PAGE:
In most prior consoles, especially for live concert applications, it is customary to provide all control knobs and switches for all physical channels, and to provide visual or aural feedback to the operator for manually adjusting the control knobs to restore a previously recorded console set-up. Editing a complex mix is therefore complicated by the necessity to restore control elements to their stored positions prior to manually adjusting signal parameters. The common technique employing LED indicators as feedback devices to an operator is cumbersome owing to the amount of time and manipulation required to re-set control knobs to the desired positions. Other feedback means, such as video display indications or voice synthesized feedback, are functionally equivalent to LED feedback and offer no substantial improvement. Rotary control knobs could be motorized and driven the same as motorized faders, but the number of knobs provided on a professional sound mixing console for large-scale applications requires a prohibitively weighty and expensive number of motorized control knob mechanisms.
Studio consoles are usually laid-out in a new and unfamiliar fashion such that a new user has no immediate familiarity with the layout of controls. Further, there is the temptation to which many have yielded to “simplify” operation of the console by providing only one rotary control element for signal parameter adjustment and providing switches for selecting the parameter to be adjusted. This is done because the technology exists to do it cheaply using a rotary encoder that provides delta rotation values irrespective of actual position of the knob, and facilitates the digital control techniques for multiplexing a single control knob over a matrix of channels and adjustable parameters. Current values of the adjustable parameters are indicated by electronic display means. Live consoles tend to provide all knobs for all parameters of all channels, the knobs being active all of the time. Because of space requirements, all of the controls for a single input channel are laid-out in a vertical strip above the channel fader.
The preferred embodiments disclose a system and method for editing of previously stored console setups in a naturally understood manner, and to provide automated audio controls that respond in a naturally understood manner.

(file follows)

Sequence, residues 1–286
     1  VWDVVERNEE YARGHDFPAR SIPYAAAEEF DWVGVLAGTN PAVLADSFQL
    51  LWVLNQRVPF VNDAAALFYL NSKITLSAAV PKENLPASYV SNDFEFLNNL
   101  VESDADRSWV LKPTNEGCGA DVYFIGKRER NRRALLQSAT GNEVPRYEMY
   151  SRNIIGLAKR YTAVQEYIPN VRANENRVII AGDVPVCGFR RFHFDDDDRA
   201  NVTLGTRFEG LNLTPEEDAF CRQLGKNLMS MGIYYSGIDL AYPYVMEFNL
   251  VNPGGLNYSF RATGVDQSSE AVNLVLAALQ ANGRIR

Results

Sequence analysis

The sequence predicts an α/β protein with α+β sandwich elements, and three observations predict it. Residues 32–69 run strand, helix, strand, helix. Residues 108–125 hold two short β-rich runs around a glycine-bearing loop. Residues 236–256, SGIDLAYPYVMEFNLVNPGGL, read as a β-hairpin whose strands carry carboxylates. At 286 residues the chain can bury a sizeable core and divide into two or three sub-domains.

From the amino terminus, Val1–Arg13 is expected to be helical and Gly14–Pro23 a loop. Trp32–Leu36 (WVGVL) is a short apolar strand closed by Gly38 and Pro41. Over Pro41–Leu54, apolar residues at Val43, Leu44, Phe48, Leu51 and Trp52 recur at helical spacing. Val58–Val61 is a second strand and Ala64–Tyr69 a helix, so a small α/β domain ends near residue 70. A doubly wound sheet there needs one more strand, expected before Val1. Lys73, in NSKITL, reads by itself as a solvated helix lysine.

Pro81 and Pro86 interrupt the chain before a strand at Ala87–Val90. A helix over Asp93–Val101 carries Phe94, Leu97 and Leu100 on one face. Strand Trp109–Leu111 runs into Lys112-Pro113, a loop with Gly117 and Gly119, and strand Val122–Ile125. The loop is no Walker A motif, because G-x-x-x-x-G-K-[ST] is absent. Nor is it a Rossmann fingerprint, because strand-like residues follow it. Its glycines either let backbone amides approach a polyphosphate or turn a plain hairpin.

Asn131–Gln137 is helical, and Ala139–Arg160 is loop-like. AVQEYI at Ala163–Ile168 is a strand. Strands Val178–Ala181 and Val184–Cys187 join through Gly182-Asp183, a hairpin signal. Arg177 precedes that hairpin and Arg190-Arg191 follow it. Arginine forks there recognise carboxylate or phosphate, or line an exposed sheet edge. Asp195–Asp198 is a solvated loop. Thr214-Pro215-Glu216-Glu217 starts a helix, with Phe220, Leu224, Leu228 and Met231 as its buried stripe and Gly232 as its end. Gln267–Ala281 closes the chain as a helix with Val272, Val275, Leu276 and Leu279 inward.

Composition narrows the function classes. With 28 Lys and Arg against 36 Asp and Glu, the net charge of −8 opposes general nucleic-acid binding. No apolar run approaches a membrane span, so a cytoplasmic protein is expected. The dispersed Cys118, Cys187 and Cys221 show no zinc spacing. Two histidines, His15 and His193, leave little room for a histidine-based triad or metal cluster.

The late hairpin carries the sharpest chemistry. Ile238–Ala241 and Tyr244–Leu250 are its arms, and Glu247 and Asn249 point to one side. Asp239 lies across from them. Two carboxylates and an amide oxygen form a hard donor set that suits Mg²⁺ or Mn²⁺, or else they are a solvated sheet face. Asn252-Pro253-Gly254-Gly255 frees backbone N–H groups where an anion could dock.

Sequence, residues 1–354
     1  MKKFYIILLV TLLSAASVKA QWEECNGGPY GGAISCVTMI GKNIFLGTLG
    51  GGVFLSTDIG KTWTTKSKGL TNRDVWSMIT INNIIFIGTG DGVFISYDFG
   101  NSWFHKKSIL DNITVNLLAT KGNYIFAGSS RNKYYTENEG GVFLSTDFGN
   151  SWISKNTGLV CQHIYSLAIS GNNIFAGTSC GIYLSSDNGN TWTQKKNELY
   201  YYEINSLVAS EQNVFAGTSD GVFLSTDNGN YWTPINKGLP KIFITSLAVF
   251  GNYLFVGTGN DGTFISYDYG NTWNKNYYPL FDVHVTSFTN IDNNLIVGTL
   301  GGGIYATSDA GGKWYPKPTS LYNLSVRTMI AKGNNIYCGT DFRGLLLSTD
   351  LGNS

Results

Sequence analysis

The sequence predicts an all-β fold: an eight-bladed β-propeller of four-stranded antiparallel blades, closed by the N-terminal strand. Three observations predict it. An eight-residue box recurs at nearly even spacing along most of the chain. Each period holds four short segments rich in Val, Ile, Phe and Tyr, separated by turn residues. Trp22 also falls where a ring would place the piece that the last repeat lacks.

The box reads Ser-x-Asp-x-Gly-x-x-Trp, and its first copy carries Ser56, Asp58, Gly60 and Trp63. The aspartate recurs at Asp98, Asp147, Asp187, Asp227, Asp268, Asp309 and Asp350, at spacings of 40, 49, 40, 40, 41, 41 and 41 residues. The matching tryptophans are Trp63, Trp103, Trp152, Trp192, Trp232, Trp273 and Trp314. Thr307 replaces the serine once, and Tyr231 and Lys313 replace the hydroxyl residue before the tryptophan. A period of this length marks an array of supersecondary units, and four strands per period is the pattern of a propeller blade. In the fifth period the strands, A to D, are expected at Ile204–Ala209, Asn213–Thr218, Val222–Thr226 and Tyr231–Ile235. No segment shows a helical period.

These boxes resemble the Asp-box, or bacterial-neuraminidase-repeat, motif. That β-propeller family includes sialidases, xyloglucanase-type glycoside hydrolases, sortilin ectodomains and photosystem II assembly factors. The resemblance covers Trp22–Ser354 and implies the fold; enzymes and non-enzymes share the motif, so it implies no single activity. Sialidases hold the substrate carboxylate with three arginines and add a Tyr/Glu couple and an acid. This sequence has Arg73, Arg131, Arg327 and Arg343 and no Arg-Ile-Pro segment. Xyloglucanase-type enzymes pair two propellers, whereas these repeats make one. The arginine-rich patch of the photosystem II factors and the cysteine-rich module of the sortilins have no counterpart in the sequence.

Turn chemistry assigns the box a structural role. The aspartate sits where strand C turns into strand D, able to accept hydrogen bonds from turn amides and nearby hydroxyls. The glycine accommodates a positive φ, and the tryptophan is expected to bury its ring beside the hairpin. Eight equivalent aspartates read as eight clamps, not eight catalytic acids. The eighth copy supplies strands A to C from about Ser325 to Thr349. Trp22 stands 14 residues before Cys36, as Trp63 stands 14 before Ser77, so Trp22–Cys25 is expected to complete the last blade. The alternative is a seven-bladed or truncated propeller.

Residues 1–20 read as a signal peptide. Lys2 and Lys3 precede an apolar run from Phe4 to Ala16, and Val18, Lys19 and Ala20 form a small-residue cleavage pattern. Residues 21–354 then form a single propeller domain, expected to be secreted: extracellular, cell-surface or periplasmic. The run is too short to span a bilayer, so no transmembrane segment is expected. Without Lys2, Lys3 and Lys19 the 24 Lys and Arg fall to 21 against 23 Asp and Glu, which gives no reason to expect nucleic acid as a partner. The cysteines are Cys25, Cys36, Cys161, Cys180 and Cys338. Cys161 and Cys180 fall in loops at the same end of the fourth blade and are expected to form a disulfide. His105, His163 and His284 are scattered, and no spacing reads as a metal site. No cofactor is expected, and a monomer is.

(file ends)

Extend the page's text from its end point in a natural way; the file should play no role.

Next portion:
The preferred embodiments further disclose a sound mixing system comprising a sound mixing control console electronically coupled to audio signal processing circuits includes a plurality of audio signal input channels having adjustable input gain, adjustable frequency equalization in plural bands of audio frequencies, and adjustable signal level control; the system also including a plurality of output channels having adjustable output signal level control; the system providing electronic detection of moveable control element positions, the system further including an electronic memory sub-system; the sound mixing control console including plural front-panel control features for adjusting the signal levels of the input channels and of the output channels, and indicators showing the current state of input and output channel adjustable parameters; the console further including a master channel control section applicable to any one of the input channels of the sound mixing system; the master control section having a plurality of motorized control features for adjusting various parameters of an audio input signal, including at least input gain and frequency equalization; wherein the system can store plural set-ups of the control console in the electronic memory sub-system; each set-up including at least the input gain, frequency equalization parameters, and signal level of the input channels and further including signal levels of output channels; each of the plural set-ups being recallable to restore the audio signal processing parameters as set by the motorized control features of the console; the console further comprising a selection control for each input channel that applies the master control section of the console to the selected input channel whereby selection of the input channel causes the electronic memory sub-system to read out stored signal processing parameters for that channel to a motor control sub-system of the master control section which then drives the motorized control features thereof to positions that correspond to the stored signal processing parameters.
Therefore, and in accordance with the exemplary embodiment, instead of providing every knob on every channel, with the knob being active in controlling its associated circuit parameter all of time, there is provided one set of control knobs, switches and associated indicators, and a selector switch associated with each group of individual input channel controls so that pressing the selector switch for a particular channel applies the one set of control knobs to the selected channel. The control knobs are motorized so that in the time it takes to turn one's attention from the channel selector switch, the knobs move quickly to positions corresponding to the current circuit parameters. The control knobs are then active for controlling their associated circuit parameters in a naturally understood manner, and may remain active until another input channel is selected.